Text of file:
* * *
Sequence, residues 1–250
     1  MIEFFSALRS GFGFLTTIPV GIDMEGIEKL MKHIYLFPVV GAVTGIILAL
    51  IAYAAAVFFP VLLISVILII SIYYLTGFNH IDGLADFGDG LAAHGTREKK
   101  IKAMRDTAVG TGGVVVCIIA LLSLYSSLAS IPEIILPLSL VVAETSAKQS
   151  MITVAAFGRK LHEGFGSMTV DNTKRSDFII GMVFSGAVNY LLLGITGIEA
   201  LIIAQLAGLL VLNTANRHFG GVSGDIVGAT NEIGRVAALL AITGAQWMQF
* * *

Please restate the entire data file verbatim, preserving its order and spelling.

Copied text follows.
Sequence, residues 1–250
     1  MIEFFSALRS GFGFLTTIPV GIDMEGIEKL MKHIYLFPVV GAVTGIILAL
    51  IAYAAAVFFP VLLISVILII SIYYLTGFNH IDGLADFGDG LAAHGTREKK
   101  IKAMRDTAVG TGGVVVCIIA LLSLYSSLAS IPEIILPLSL VVAETSAKQS
   151  MITVAAFGRK LHEGFGSMTV DNTKRSDFII GMVFSGAVNY LLLGITGIEA
   201  LIIAQLAGLL VLNTANRHFG GVSGDIVGAT NEIGRVAALL AITGAQWMQF